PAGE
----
MTProto (Telegram) Telegram Messenger LLP 2013 Aug Open standard Phone number (e.g. +1234567890), nickname (e.g. @example) Yes Yes Optional Yes No Yes No Yes Yes, voice messages No Yes Yes No
Mumble Thorvald Natvig 1999 Jul Open standard Username Yes Yes No Only for certified robots No Centralistic Yes Yes Yes Yes Yes No No
OSCAR (AIM, ICQ) AOL 1997 Proprietary Username, Email Address or UIN
e.g. 12345678
Yes Yes (Aim Pro, Aim Lite) No No No Centralistic client-based Yes (Multiple, simultaneous) Yes Yes Yes No No
RVP (Windows Messenger, etc.) Microsoft 1997 Mar Proprietary (Discontinued) Windows Active Directory Login No No No ? No Centralistic None No ? ? No No No
Ricochet Invisible.im 2014 Mar Open standard Tor onion address Yes Yes Yes Yes No Yes Yes Yes No No Yes No Yes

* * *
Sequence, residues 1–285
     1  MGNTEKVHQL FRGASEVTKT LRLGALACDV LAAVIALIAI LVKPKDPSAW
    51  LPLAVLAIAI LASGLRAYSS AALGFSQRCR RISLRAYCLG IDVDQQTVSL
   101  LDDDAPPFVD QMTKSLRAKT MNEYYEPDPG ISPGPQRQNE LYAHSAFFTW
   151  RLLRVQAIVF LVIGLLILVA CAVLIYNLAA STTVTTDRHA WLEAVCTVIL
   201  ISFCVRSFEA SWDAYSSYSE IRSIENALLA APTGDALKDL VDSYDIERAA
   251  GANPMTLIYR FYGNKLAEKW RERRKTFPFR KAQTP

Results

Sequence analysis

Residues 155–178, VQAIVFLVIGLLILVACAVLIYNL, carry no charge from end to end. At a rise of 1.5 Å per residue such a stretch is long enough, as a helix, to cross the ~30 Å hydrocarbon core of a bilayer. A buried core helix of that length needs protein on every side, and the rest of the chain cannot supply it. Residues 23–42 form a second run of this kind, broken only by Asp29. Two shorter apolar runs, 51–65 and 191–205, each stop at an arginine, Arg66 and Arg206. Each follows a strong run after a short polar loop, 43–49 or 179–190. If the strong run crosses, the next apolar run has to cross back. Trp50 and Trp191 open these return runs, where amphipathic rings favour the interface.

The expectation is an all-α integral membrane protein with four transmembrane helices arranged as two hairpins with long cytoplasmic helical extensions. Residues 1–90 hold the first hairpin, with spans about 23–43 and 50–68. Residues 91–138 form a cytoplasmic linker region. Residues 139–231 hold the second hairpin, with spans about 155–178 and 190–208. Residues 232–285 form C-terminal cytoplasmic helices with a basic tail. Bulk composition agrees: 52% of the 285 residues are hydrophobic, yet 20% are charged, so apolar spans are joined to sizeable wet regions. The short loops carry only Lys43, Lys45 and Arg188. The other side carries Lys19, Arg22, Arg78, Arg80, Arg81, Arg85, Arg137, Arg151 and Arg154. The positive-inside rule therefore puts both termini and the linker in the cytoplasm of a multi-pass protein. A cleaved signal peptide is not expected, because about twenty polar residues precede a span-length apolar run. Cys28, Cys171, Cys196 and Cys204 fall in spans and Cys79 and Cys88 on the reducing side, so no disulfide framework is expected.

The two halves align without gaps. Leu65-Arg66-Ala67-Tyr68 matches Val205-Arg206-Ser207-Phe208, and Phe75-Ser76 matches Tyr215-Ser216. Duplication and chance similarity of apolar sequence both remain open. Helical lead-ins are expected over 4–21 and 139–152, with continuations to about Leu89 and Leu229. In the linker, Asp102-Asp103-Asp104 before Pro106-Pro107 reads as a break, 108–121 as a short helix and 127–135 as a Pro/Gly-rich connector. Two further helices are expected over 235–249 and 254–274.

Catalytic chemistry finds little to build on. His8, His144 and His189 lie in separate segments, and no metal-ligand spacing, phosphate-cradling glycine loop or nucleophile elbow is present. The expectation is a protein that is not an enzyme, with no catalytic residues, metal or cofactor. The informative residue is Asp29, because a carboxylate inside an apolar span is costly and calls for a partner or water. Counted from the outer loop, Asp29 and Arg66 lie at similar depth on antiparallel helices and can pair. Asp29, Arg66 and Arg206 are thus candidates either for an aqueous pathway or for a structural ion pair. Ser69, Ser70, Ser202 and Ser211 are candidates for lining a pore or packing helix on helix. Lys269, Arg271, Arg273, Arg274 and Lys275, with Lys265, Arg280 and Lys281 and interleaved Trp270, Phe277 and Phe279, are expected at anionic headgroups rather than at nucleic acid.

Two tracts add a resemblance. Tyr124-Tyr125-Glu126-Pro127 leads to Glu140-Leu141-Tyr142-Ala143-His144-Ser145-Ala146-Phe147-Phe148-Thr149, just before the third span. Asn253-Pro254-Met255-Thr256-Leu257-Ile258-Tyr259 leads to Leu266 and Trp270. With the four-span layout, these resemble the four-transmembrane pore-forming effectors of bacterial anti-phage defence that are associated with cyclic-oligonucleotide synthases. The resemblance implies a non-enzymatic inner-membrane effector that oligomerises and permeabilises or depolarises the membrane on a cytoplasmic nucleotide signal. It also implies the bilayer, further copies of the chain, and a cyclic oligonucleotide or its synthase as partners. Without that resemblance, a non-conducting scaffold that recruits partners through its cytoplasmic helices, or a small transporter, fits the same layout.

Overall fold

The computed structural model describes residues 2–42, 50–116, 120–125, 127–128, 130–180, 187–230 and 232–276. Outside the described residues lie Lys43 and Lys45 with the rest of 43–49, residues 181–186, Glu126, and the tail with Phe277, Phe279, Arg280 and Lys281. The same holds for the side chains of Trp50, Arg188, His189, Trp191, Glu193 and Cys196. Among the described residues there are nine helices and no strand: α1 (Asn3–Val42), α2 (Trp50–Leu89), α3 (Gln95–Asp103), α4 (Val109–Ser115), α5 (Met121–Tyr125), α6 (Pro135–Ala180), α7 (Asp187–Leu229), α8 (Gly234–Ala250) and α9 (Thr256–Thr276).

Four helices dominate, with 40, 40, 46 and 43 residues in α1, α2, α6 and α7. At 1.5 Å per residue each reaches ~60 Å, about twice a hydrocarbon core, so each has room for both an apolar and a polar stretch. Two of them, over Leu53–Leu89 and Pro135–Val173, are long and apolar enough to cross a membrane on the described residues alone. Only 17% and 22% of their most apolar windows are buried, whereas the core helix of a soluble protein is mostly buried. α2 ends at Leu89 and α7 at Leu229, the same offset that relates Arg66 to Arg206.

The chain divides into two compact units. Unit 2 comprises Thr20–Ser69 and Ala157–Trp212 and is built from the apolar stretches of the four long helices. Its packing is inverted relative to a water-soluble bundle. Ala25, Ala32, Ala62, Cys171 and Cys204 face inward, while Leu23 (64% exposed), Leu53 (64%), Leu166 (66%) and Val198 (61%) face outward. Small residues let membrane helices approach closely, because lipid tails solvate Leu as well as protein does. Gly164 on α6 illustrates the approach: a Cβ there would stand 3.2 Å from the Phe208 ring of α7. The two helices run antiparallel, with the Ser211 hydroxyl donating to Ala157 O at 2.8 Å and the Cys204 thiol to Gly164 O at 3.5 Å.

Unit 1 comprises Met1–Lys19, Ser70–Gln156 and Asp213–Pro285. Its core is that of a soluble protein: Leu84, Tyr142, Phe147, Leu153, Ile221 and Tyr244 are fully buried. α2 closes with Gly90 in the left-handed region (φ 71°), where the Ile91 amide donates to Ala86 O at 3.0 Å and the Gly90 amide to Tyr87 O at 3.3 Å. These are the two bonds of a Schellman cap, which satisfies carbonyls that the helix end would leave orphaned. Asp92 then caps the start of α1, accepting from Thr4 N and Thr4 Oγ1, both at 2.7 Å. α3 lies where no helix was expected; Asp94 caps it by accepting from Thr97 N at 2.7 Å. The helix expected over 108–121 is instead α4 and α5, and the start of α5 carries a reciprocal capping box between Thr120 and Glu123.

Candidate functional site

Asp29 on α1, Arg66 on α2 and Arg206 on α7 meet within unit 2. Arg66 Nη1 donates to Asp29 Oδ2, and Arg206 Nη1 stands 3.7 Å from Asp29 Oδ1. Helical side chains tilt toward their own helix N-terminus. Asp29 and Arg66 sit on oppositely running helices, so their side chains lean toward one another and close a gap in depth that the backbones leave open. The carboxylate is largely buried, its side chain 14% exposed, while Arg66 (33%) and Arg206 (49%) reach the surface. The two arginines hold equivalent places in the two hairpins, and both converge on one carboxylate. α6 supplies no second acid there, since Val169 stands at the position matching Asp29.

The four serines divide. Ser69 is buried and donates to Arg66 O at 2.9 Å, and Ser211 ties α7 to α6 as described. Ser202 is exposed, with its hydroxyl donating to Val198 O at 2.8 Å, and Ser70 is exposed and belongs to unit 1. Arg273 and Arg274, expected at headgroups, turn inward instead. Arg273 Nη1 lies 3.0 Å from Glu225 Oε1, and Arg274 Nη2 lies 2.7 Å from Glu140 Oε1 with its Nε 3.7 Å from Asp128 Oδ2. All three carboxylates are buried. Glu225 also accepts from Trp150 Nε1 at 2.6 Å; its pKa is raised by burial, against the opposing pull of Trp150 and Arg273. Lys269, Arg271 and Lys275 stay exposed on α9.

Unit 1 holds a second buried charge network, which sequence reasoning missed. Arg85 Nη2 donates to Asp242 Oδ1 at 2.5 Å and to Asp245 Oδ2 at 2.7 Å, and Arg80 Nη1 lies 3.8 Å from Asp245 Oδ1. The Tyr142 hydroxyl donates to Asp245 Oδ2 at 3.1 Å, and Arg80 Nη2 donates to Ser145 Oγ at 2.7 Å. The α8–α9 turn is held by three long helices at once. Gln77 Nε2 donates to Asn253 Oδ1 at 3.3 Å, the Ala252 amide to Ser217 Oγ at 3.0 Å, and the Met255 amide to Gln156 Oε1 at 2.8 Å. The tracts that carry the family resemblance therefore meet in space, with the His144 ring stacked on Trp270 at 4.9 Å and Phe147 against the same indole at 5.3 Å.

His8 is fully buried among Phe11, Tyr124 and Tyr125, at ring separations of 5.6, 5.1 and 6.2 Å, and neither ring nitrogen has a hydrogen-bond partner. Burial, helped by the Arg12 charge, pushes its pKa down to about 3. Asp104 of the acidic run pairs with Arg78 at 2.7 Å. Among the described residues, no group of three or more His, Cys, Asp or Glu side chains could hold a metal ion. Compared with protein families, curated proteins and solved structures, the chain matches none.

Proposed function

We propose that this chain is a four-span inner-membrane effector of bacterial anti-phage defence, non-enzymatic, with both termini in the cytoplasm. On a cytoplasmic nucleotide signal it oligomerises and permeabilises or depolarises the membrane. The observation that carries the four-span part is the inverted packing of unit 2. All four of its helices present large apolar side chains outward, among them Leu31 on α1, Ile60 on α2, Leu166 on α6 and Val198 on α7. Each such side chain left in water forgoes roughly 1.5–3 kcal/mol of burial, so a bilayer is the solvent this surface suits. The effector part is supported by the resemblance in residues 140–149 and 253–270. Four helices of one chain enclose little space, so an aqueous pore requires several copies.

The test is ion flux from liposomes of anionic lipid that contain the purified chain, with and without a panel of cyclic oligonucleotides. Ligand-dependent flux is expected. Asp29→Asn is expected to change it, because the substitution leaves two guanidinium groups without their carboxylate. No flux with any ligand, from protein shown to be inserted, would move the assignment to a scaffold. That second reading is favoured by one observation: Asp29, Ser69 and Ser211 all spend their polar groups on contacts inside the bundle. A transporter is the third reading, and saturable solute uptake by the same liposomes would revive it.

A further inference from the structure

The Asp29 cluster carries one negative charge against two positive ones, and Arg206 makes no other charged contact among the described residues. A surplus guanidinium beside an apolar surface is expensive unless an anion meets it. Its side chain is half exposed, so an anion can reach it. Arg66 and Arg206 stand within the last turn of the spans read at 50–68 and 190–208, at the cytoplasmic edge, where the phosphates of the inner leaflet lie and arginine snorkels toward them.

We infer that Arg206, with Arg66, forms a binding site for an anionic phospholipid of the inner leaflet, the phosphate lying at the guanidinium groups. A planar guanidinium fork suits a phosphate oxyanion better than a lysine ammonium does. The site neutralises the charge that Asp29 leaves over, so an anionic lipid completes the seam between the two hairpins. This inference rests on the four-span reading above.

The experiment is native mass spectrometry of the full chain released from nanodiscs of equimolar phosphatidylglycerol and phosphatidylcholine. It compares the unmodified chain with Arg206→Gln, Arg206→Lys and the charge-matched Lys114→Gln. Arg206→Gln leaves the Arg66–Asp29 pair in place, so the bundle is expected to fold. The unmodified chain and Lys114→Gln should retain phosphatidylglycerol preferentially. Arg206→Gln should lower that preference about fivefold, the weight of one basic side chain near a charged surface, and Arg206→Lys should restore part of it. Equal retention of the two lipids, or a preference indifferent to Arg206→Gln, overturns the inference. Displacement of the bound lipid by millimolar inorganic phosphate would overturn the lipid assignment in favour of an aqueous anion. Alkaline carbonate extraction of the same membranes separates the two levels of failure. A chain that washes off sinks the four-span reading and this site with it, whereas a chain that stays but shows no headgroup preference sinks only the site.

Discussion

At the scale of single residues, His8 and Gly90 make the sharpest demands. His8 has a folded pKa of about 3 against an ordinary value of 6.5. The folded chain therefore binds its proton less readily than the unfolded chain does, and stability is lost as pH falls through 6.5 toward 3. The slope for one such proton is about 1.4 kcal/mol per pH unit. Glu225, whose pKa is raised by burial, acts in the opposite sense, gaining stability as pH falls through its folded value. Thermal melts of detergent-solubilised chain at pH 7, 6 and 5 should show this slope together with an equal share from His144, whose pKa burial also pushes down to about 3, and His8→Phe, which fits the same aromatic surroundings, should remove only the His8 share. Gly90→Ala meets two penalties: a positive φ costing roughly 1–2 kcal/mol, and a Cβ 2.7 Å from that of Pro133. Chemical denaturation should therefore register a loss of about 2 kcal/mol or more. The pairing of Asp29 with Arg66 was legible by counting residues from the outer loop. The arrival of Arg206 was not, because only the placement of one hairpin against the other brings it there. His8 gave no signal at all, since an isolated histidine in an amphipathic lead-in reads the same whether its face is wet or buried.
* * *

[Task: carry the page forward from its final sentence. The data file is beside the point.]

Ring (based on DHT and SIP) Savoir-faire Linux Inc. 2015 May Open standard 40-digit address Yes Yes No Yes No Yes Medium Yes Yes Yes Yes No Yes
Signal Protocol Open Whisper Systems 2014 Feb[1] Open standard Phone number (e.g. +1234567890) Yes Yes Yes Yes ? Yes Yes, contact blocking Yes Yes ? Yes Yes No
SIP/SIMPLE IETF 2002 Dec Open standard user@hostname Yes Yes No Yes Yes No Medium ? Yes Yes Yes No Depends on implemenation
Skype Skype 2003 Aug Proprietary Username Yes Proprietary No No No ? ? Yes Yes Yes Yes No No
Steam Friends Valve Corporation 2003 Sep 12 Proprietary SteamID/Username or Unique Number Yes Proprietary ? No, although rising Yes ? No Yes Yes No No No No
TOC2 AOL 2005 Sep Proprietary (Discontinued) Username or UIN
e.g. 12345678